media release (18-229MR)

Update on financial advice institutions' fees for no service refund programs


AMP, ANZ, CBA, NAB and Westpac have now paid or offered customers $222.3 million in refunds and interest for failing to provide advice to customers while charging them ongoing advice fees. This represents a further $6.4m in payments and offers from these institutions since the last ASIC media release (17-438MR) on the fees for no service (FFNS) project, which provided compensation figures as at 31 October 2017.

In addition, ASIC is overseeing FFNS remediation programs by other Australian financial services (AFS) licensees that have identified potential FFNS failings, including Bendigo Financial Planning Ltd, Police Financial Services Ltd (trading as BankVic), State Super Financial Services Australia Limited (trading as StatePlus), and Yellow Brick Road Wealth Management Pty Ltd. The total amount now paid or offered to customers across both groups of licensees is $259.6m.

ASIC is also aware that five AFS licensees or institutions have provisioned for future remediation payments, with four of these to date providing to ASIC amounts for future remediation (see below in notes). If all of these provisions are paid in full, FFNS remediation may exceed $850m.

The table provides compensation payments and estimates reported to ASIC as at 30 June 2018. Some institutions' total estimates have changed since ASIC’s previous media release as they have further investigated the compensation required and, in some cases, identified additional failures needing remediation.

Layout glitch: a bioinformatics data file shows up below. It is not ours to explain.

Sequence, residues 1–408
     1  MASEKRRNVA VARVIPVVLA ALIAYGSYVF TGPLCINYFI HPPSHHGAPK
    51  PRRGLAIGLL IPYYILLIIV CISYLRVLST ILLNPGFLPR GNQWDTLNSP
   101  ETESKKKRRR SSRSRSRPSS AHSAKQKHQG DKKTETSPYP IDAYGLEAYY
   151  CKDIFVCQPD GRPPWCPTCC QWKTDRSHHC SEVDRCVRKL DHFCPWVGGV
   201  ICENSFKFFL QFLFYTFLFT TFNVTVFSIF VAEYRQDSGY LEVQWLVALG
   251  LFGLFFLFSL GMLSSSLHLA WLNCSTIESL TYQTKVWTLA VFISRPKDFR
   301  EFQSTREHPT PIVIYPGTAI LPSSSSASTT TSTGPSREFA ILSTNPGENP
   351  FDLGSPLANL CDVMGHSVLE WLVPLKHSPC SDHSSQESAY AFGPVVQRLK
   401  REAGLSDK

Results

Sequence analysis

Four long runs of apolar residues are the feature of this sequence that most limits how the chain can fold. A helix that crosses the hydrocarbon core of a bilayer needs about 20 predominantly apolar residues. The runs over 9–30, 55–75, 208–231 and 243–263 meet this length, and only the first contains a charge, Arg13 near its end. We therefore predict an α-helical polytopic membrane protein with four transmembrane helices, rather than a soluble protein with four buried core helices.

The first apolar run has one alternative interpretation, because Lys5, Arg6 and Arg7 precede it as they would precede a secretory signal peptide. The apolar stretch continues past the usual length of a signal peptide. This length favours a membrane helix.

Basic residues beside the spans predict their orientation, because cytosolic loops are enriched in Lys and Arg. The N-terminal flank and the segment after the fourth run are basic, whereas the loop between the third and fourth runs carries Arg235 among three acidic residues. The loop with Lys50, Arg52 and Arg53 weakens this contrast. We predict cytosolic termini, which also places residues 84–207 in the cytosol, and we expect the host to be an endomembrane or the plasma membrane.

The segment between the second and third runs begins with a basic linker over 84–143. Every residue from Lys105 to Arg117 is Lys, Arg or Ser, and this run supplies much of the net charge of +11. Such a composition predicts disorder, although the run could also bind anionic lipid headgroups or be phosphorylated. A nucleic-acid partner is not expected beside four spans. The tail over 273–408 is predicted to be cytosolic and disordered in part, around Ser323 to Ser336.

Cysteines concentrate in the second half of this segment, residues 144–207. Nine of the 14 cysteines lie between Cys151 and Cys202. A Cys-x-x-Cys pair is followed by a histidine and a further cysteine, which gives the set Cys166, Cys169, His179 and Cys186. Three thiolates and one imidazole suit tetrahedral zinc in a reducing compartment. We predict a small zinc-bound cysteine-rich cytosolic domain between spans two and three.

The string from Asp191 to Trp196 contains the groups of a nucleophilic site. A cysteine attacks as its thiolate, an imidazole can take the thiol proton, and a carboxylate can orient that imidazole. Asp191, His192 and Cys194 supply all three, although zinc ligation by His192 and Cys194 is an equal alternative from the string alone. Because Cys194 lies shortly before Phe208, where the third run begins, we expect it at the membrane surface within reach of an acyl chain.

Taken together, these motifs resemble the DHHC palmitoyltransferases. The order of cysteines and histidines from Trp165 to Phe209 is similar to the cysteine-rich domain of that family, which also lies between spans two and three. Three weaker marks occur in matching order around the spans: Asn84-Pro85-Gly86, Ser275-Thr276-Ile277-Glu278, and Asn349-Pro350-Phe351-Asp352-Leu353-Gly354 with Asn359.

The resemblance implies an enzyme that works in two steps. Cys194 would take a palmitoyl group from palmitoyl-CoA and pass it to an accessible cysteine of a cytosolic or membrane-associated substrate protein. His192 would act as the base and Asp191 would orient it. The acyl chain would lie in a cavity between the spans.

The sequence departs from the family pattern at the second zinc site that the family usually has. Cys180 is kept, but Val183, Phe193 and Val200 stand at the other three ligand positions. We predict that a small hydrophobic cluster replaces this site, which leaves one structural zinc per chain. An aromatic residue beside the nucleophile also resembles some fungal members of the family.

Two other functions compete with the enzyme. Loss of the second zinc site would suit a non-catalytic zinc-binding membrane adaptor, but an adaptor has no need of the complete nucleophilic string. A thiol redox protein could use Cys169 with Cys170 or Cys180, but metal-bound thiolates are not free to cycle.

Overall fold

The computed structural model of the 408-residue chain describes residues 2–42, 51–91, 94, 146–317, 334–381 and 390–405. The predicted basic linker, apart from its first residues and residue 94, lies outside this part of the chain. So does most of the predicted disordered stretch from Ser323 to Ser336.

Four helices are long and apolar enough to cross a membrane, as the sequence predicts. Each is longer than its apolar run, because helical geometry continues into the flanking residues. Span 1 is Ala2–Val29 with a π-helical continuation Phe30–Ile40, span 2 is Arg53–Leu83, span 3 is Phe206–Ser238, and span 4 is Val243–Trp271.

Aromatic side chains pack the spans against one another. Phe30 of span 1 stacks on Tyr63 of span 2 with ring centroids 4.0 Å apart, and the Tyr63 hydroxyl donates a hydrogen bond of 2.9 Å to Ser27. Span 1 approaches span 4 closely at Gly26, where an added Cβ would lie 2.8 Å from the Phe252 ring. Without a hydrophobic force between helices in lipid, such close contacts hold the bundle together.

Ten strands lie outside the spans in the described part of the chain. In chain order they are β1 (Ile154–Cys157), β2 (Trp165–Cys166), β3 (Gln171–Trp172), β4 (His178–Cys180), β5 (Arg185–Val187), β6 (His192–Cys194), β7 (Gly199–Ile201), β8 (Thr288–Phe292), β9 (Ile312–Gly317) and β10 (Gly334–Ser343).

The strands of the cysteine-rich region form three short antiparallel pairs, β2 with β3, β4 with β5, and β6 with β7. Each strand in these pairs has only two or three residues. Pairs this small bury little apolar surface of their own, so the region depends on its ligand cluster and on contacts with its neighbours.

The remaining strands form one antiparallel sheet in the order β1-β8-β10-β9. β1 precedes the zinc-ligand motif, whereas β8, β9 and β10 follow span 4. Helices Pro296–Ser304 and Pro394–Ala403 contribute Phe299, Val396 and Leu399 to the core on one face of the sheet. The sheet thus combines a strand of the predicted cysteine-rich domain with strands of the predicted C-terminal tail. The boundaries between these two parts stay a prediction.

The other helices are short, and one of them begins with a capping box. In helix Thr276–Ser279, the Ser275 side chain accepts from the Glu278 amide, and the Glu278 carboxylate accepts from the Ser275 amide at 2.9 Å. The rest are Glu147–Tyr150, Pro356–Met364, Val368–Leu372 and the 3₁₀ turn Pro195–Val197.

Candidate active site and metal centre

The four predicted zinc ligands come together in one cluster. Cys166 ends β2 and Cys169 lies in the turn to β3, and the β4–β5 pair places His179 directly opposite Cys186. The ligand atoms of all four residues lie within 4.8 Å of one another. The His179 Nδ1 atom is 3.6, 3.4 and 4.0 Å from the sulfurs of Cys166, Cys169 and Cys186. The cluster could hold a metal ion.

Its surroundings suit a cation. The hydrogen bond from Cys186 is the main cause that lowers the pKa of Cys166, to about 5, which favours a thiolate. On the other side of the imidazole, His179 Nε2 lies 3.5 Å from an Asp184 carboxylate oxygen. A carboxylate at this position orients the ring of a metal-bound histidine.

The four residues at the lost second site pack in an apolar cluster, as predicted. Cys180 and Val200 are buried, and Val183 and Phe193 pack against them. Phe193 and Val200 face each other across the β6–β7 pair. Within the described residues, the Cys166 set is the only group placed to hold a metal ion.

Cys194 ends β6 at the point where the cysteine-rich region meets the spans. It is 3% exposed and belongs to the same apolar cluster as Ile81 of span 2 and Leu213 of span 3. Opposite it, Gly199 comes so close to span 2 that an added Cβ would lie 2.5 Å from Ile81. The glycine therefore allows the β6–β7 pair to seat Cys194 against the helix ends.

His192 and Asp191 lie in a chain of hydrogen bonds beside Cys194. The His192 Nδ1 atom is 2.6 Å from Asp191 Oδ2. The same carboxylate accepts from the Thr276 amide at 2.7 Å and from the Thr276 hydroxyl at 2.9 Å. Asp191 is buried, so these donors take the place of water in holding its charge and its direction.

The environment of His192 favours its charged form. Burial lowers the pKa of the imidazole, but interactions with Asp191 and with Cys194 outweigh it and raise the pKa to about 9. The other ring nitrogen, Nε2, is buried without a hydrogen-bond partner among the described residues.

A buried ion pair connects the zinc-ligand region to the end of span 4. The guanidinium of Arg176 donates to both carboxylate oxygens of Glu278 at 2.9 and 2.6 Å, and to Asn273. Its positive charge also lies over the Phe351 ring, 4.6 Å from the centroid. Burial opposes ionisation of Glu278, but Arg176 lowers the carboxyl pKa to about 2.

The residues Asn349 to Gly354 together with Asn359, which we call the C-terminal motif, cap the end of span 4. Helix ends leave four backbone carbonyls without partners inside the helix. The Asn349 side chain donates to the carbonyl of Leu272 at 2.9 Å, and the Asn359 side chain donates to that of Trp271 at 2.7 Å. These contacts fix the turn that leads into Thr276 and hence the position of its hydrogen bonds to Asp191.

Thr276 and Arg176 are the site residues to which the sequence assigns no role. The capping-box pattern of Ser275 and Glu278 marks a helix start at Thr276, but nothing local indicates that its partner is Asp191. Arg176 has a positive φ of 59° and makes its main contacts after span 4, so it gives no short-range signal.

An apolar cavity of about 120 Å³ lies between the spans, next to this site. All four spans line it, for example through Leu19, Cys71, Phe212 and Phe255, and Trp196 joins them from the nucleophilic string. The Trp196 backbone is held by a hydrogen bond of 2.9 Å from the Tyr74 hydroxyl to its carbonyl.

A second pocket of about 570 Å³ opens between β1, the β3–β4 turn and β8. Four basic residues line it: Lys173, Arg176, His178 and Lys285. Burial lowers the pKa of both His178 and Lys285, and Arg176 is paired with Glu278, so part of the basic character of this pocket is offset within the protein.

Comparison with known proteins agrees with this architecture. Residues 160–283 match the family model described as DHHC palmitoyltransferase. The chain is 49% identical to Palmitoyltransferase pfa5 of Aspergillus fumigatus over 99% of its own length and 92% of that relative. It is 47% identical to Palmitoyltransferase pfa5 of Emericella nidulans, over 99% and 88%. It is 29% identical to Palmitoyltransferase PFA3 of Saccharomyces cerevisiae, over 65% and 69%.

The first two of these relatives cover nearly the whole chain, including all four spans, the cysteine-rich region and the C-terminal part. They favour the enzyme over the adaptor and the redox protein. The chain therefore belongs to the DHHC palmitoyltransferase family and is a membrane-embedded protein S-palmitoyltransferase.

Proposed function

Compensation paid or offered (1)

Estimated future compensation (2)

Total estimate



$370,000 (3)




$8,443,300 (4)








$1,019,623 (5)




Not yet available (6)








Not yet available (7)


Yellow Brick Road




Total (personal advice failures)




NULIS Nominees (Australia) Ltd

$35,900,408 (8)

67,000,000 (9)


Total (personal and general advice failures)




Source: Data reported by the AFS licensees to ASIC as at 30 June 2018.

Table notes

(1)  This includes amounts paid to customers as well as amounts paid to unclaimed monies and charities (for example, where the licensee was unable to contact the customer).

(2)  Some estimates exclude interest. Estimates may change, as each entity further investigates the failures. Some entities do not yet have estimates of future remediation, but have provisioned for (or are in the process of provisioning for) FFNS remediation in their financial statements. The provisions may include amounts already paid.

(3) In addition, on 27 July 2018, AMP announced that it has provisioned in relation to potential remediation in relation to ASIC report 499. AMP has advised ASIC that its pre-tax estimate for FFNS remediation is $240m, or $360m including interest. This estimate covers all the advice licensees within the AMP group (both the salaried advisers and the aligned dealer groups) and covers remediation for the period up to 31 December 2017.

(4) ANZ has advised ASIC that it has provisioned for FFNS remediation, but has not yet provided details of that provision to ASIC.

(5) NAB has provisioned a further $65m across its financial advice licensees relating to FFNS remediation and project costs.

(6) Though Westpac has not provided ASIC with an estimate for future remediation, it informed ASIC that it has provisioned approximately $24m relating to FFNS remediation for the 2017-18 financial year for Westpac Banking Corporation, of which 3.24m had been paid as at 30 June 2018. This provision does not cover future periods, or other Westpac owned AFS licensees.